Good-guy, piracy

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This post by a fellow blogger has questioned whether piracy is a bad thing. In a previous post of my own, you may recall, I explained why I now avoid pirating anything and I stick to this as my reasons for doing so are as valid as ever. However, to pretend that piracy has no good effects at all would be silly. That is what I want to highlight today.

  • It allows for a far more convenient means of accessing content.
  • It has forced companies to rethink their distribution channels and how to provide convenience to consumers. Ebooks,  itunes,  streaming services such as spotify and hulu all provide much of the convenience of piracy, but with a fee structure.
  • It acts as a marketing tool. It provides exposure for authors and musicians, allows more people to come into contact with their works. Ultimately, many “true” fans may buy the works after hearing about it or after experiencing a pirated version.
  • It allows for much wider access to works, even to many who could otherwise not afford it. (This argument is somewhat hampered by the fact that internet access is a luxury in most areas of the world, including South Africa)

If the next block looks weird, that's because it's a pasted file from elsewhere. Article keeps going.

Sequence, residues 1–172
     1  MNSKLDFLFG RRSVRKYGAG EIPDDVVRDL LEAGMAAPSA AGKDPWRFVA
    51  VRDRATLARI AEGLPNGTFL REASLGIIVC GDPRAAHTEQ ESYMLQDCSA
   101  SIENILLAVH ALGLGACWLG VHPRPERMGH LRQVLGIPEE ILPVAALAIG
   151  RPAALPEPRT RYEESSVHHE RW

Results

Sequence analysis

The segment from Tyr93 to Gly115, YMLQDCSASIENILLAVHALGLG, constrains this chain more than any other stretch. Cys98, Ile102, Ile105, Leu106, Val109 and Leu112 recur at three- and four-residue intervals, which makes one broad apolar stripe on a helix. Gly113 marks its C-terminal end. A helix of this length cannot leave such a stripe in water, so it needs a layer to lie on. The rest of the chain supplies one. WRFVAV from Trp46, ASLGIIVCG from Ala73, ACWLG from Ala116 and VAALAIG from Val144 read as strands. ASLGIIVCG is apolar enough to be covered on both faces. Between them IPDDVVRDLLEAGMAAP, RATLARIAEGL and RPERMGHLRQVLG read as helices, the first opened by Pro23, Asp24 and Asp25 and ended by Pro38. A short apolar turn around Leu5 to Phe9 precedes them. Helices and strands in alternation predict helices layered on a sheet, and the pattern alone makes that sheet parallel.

• It forces companies to think about other ways to monetize their digital property. Many webcomics are licensed under Creative Commons, which means they can be shared freely. The authors make money by selling complementary products (such as posters, books, shirts, etc.). I doubt this would work well for TV shows, for instance (though memorabilia do sell well).

I do not think these things make up for the negative effects of piracy as a whole and they certainly do not make it ethical. I do, however, agree with irevuo that piracy is not something that can easily be stopped (probably it is impossible) and businesses need to realise this. They will need to learn to use the parts of piracy that don’t harm them to good effect.

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